Suddenly, every picture is beginning to tell the same buoyant royal story.
Here are William and Kate smiling happily as they prepare for their first formal tour, to Canada and - probably less formally - Hollywood. Here are the princesses Beatrice and Eugenie, no funny hats but mum in tow, at an Elton John charity ball. Here are Zara Phillips and craggy Mike Tindall watching Prince Harry play polo at Beaufort. And here's Harry himself, larking around with mates as usual.
How many love stories can one week's worth of Windsor family snapping contrive? We're almost into our third month of the Cambridge circus. Pass the baton to Zara and her one-time English rugby captain for their Edinburgh wedding next month. But don't forget the two York girls waiting behind - or Harry himself. The boy's got to settle down some time.
And this procession of images, swilling round the media in a single, now typical, week, are also about more than real or pending romance. They tell you where the paparazzi market finds itself today: soft-edged, human, optimistic, affectionate. They also reveal a dramatic upturn in royal family fortunes.
Such moods, of course, swing both ways. They swung viciously downwards after the death of Diana - and the Queen's annus horribilis. They have seen indulgent laughter become raised eyebrows over Sarah Ferguson's idiocies.
They currently run at rock bottom as far as Prince Andrew and his idiotic attacks on the British press are concerned. But, at stage centre, at the heart of royal longevity, the mood is overwhelmingly positive. Where did all this adulation come from? The normal media thing is to take a spin doctor - in this case, Paddy Harverson, the ex-Man U PR based at Clarence House - and pavilion him in awed praise as a mastermind able to rescue the most hopeless cases from mass revulsion (or apathy). And Harverson, shrewd, relaxed and effacing, deserves his credit.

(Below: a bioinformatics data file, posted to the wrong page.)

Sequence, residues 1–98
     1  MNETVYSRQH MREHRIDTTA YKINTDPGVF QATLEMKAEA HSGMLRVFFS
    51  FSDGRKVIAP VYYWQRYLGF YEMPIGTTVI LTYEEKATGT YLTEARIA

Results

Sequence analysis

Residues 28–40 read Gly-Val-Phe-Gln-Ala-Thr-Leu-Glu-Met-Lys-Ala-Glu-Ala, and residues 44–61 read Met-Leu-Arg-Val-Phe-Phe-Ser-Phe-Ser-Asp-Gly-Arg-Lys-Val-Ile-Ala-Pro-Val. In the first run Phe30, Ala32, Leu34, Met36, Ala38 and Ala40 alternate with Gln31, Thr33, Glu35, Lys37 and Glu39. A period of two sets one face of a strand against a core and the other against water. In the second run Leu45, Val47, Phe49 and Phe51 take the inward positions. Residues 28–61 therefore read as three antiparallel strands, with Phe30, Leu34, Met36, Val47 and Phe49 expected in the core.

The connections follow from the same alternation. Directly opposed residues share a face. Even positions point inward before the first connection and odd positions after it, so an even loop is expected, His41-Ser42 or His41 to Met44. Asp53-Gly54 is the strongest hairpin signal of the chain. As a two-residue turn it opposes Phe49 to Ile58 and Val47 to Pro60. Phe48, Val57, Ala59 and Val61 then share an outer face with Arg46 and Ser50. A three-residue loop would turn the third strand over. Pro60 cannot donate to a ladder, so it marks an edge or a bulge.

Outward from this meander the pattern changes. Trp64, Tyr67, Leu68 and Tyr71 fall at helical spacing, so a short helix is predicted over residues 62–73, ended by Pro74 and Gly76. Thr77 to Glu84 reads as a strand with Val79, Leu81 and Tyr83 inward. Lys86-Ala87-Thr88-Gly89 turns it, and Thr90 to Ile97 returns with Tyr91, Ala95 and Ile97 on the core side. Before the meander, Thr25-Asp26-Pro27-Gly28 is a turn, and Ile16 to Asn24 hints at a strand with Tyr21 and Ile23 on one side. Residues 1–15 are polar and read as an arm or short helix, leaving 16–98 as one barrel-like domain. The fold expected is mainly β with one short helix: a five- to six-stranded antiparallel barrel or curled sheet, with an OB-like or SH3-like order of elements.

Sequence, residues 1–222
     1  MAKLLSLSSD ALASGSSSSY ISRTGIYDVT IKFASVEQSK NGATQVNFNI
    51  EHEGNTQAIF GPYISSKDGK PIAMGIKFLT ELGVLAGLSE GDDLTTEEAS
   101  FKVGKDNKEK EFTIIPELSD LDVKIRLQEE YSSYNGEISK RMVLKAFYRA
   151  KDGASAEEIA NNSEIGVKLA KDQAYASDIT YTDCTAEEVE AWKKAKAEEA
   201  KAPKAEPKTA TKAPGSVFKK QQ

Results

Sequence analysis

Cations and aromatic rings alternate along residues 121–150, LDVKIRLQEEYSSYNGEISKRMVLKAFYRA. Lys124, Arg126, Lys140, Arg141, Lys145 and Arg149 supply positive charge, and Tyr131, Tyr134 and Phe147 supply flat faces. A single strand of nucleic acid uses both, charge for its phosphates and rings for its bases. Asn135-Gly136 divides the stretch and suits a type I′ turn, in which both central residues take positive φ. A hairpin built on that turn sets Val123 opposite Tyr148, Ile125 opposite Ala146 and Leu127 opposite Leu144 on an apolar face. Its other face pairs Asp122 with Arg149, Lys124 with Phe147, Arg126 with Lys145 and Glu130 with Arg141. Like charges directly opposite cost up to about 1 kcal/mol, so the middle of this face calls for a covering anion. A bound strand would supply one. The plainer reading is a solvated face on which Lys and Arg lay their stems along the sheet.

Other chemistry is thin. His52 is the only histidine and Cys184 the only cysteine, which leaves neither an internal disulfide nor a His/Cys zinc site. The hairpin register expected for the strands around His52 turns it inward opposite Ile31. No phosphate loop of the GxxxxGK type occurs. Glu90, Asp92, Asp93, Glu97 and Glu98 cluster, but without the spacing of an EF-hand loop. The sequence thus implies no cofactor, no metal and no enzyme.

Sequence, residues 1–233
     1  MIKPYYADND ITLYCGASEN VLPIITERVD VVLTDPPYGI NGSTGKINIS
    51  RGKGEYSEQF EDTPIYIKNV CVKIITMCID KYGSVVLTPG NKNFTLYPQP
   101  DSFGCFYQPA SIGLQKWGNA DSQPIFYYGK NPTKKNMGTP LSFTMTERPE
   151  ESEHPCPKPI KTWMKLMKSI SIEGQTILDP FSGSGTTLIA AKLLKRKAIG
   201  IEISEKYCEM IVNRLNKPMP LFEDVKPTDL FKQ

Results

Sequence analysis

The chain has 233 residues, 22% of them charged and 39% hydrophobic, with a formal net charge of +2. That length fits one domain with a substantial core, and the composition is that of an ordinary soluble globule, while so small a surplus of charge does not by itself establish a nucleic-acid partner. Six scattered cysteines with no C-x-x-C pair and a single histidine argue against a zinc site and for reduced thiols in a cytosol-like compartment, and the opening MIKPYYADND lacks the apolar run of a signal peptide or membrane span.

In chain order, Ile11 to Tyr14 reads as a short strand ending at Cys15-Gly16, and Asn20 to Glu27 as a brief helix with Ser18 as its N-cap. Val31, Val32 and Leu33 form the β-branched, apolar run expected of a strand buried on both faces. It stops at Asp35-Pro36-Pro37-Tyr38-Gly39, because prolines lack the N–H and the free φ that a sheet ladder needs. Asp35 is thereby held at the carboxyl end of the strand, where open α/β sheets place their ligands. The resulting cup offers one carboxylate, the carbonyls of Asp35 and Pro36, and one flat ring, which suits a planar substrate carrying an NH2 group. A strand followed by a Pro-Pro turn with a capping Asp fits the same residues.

Image makers aren't always the wonder workers of their own legend, though. They can help a client stuck in the mire. Simon Lewis and Simon Walker, two smooth operators, began the rescue job a decade ago as Buckingham Palace finally realised it needed co-ordination - and a policy.
Harverson has built on those very professional foundations. But this is also silk-purse-and-sow's-ear territory at its most demanding.
Remember the tabloids three years ago. Remember "Waity Katy", doing too little for Fleet Street tastes. Remember her ex-air stewardess mother and the "doors to manual" jibes. Remember, for that matter, William's own anti-media sulks. The basic fact, in this great change of perception, isn't manipulation, or even sound common sense.
The fact is that Catherine Middleton, having waited so long, turns out to be a pretty, sunny picture opportunity the photographers themselves admire. The fact is that William is easier and obviously cheerful when she's around. The fact - dramatically demonstrated at their wedding - is that Joe and Joanna Public love the Cambridges, so there's no reason to be beastly to them.
Such pervasive sweetness cannot last, of course. What goes up in media terms must also go down. One snarl from William, one laddered stocking from Kate, one stumble in Hollywood, and sugar could turn to lumps. Those who live by PR can also die by it.
But in terms of the next pictures in this album, there's much more to look forward to: the first baby, the christening, umpteen royal weddings and a few funerals. The picture parade will never cease. Except, perhaps, in one respect strangely neglected amid last week's revels. Harverson is, first and foremost, media guru to Charles and Camilla. So where were they when the shutters started clicking? Come to that, did you see much of them at the wedding?
There are, it seems, times to have your pictures in the paper, and times to lie low. Times to look happy - and times to make others happy, by not being there.